Harry Whittaker
Visions in Daniel

7. The Ram and the He-Goat (Daniel 8)

In no other vision revealed to Daniel is there anything to compare with the emphatic repetition here; ‘a vision appeared...appeared...and I saw...and I saw...’ The six-fold repetition underlines the impressiveness and importance of what is now recorded.

The contest between the ram and the he-goat is explicitly expounded in v.20, 21: the two horns of the ram are the kings of Media and Persia; the rough goat is the king of Greece, and its prominent horn is Alexander, the builder of that empire; the four ‘notable horns’ that came up in his place clearly represent the four-fold division of Alexander’s empire (see on 7:6).

So far the interpretation is simple, almost obvious. Put, in verse 9, uncertainties begin to arise. Here there is the appearance of another little horn, which expands its greatness ‘towards the south (Egypt) and the east (Syria) and towards the pleasant Land (of Israel)’.

Here interpretation hesitates between identification with Antiochus Epiphanes, the mad Syrian persecutor of the Jews, and the unexpected expansion of Roman aggrandizement as far east as the Euphrates. The modernists are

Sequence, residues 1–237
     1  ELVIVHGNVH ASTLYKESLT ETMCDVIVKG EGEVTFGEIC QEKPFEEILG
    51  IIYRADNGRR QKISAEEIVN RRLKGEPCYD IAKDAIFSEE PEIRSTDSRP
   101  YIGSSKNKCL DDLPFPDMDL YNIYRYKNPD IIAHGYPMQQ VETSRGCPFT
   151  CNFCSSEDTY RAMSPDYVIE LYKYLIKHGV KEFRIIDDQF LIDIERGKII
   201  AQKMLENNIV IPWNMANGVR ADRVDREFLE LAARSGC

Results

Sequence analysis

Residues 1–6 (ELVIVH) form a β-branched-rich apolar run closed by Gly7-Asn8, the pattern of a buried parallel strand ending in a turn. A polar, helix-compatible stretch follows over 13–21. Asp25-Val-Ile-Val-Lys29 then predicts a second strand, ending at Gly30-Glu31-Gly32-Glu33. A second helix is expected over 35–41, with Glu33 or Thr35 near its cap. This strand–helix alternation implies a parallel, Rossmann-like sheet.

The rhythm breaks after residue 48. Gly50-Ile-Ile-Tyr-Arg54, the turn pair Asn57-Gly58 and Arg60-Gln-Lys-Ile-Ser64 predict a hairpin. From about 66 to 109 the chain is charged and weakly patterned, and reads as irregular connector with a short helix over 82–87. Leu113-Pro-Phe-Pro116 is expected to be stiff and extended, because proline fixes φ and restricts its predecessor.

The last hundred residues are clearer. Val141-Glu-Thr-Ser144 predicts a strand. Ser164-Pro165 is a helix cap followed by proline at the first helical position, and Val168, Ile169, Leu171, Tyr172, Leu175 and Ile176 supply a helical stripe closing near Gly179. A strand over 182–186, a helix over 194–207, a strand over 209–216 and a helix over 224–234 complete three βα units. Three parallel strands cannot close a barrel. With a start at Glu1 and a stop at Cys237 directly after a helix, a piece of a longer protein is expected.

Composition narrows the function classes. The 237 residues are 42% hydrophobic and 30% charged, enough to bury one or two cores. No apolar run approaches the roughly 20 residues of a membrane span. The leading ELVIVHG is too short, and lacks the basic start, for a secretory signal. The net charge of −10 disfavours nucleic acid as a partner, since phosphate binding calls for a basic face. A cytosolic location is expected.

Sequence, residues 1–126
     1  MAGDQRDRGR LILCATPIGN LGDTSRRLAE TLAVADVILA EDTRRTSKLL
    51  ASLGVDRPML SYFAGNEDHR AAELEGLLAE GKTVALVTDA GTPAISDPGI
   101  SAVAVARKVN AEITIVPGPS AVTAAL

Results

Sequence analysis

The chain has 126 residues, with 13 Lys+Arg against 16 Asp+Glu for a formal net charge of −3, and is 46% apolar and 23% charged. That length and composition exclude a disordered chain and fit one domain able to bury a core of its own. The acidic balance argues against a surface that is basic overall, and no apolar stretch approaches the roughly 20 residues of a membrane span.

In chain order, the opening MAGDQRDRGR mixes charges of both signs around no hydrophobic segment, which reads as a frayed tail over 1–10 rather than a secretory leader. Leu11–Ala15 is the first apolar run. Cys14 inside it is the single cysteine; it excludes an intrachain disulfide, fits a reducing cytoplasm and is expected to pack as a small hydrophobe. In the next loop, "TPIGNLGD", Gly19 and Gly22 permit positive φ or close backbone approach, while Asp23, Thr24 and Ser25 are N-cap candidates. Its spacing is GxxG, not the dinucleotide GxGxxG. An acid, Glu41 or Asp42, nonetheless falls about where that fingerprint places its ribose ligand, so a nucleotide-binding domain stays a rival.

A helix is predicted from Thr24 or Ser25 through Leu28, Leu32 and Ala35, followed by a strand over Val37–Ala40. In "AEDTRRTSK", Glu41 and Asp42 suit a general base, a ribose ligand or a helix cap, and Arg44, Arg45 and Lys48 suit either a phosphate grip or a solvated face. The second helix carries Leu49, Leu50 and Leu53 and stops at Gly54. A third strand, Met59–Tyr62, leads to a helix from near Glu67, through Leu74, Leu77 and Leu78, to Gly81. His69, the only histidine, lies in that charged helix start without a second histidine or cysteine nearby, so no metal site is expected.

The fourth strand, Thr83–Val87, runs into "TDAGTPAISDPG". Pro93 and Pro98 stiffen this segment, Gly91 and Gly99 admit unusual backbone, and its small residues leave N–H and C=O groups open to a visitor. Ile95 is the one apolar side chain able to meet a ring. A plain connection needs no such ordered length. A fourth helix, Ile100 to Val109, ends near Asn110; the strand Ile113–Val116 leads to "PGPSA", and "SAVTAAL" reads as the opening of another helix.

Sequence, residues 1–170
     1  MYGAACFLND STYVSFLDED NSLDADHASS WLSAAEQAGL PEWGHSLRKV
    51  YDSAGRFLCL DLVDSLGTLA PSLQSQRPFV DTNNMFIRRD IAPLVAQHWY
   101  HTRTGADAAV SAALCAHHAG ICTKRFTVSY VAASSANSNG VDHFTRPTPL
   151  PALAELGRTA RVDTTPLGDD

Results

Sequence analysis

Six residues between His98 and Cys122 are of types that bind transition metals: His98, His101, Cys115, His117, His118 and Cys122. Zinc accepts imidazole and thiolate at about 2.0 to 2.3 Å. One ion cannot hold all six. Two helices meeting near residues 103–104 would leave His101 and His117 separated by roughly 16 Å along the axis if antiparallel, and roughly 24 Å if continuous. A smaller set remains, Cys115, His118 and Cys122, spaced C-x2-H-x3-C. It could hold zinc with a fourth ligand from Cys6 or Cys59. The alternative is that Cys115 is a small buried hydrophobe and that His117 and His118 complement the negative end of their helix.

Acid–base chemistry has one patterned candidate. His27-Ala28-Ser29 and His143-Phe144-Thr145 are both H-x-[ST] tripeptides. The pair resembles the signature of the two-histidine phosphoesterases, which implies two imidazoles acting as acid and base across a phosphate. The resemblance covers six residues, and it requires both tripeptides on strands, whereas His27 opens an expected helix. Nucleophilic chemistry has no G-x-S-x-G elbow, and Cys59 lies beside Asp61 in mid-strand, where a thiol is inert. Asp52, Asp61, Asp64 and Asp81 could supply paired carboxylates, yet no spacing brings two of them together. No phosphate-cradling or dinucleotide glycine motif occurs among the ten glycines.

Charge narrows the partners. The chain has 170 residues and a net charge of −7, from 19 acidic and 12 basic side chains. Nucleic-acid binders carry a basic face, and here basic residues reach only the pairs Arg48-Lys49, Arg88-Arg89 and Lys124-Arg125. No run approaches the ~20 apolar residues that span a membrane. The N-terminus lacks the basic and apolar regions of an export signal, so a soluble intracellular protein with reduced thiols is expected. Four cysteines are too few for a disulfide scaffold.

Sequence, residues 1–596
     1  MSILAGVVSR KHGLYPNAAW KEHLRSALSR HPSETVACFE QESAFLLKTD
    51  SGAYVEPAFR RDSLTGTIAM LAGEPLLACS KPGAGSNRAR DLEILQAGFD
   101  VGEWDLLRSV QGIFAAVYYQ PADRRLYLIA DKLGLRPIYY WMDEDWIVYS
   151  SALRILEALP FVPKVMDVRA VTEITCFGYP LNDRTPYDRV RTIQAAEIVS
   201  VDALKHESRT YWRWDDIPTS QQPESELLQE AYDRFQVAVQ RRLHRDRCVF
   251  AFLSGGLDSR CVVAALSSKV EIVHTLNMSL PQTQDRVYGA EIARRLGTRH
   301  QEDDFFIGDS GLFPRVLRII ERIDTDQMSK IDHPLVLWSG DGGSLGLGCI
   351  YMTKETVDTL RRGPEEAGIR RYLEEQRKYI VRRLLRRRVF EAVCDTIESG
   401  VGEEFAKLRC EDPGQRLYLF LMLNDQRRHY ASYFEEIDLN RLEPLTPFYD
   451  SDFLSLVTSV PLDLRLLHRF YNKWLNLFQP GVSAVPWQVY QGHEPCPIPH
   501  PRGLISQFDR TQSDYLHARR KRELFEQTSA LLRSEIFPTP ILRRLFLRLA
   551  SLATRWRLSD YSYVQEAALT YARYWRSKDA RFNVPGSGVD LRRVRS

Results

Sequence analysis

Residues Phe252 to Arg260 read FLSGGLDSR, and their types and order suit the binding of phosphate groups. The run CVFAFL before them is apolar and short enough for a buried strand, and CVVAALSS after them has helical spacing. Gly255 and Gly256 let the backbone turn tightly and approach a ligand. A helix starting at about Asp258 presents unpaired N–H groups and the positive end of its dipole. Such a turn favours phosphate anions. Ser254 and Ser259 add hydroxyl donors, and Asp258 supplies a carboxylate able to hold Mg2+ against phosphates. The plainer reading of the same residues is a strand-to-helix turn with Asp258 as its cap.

stoutly in favour of the first of these (assuming, for their own convenience, a third century B.C. date for the composition of ‘Daniel’).

The details of verse 10 are not decisive; ‘it waxed great even to the host of heaven (see Is. 14:13), and it cast down some of the host and of the stars to the ground (see v.13d here), and stamped upon them.’

However, the details of verse 11 are much more pointed: ‘Yea, he magnified himself even to the prince of the host, and by him the daily sacrifice was taken away, and the place of the sanctuary was cast down’. This was ‘by reason of cast down the truth to the ground’ (v.12).

In this passage the following details are to be noted:

  1. The word ‘place’ means ‘a holy place, the sanctuary.’ This is a very common usage.

  2. The prince of the host is Michael the archangel to whom was specially committed the direction of the affairs of Israel (see 12: 1; 10: 13,21; Josh. 5: 14; Ex. 23:20ff).

  3. ‘Truth’ refers to the Covenants of Promise, set aside with the casting-off of Israel.

  4. The sanctuary was not trodden under foot (see Lk. 21:24) until A.D.70.

  5. This destroying power is called ‘the transgression of desolation’; Jesus himself identified this when foretelling the destruction of Jerusalem: ‘When ye see the abomination of desolation stand in the holy place...’ (Mt. 24:15).

All these details are linked with a mysterious time-period: ‘How give both the sanctuary and the host (temple and people) to be trodden under foot?... ‘Unto two thousand and three hundred days, and (thus) shall the sanctuary be cleansed’ (v.13, 14).

As one man the commentators have made a sorry mess of their understanding of this time period—through failure to give full value to two important details:

  1. ‘Days’ is at best only a paraphrase of ‘evening-mornings’, the daily sacrifices (two in every 24 hours).